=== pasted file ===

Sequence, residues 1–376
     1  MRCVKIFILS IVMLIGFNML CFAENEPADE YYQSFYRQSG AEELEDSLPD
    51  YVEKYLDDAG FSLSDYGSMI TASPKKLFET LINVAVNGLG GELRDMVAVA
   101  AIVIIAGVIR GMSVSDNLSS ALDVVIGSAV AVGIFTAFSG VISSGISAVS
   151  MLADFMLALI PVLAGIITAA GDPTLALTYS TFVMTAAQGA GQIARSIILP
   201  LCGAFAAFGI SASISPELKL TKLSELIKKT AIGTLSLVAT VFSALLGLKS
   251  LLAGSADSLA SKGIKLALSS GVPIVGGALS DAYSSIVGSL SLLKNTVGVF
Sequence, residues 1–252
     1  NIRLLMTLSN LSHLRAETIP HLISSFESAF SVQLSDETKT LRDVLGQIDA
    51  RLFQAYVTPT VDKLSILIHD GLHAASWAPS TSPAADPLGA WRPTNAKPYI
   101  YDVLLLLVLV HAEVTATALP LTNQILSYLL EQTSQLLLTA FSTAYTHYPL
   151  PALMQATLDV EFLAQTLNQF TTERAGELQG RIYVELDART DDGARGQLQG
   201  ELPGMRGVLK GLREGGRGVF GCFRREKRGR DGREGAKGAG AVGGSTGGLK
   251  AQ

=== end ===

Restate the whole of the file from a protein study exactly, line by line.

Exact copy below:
Sequence, residues 1–376
     1  MRCVKIFILS IVMLIGFNML CFAENEPADE YYQSFYRQSG AEELEDSLPD
    51  YVEKYLDDAG FSLSDYGSMI TASPKKLFET LINVAVNGLG GELRDMVAVA
   101  AIVIIAGVIR GMSVSDNLSS ALDVVIGSAV AVGIFTAFSG VISSGISAVS
   151  MLADFMLALI PVLAGIITAA GDPTLALTYS TFVMTAAQGA GQIARSIILP
   201  LCGAFAAFGI SASISPELKL TKLSELIKKT AIGTLSLVAT VFSALLGLKS
   251  LLAGSADSLA SKGIKLALSS GVPIVGGALS DAYSSIVGSL SLLKNTVGVF
Sequence, residues 1–252
     1  NIRLLMTLSN LSHLRAETIP HLISSFESAF SVQLSDETKT LRDVLGQIDA
    51  RLFQAYVTPT VDKLSILIHD GLHAASWAPS TSPAADPLGA WRPTNAKPYI
   101  YDVLLLLVLV HAEVTATALP LTNQILSYLL EQTSQLLLTA FSTAYTHYPL
   151  PALMQATLDV EFLAQTLNQF TTERAGELQG RIYVELDART DDGARGQLQG
   201  ELPGMRGVLK GLREGGRGVF GCFRREKRGR DGREGAKGAG AVGGSTGGLK
   251  AQ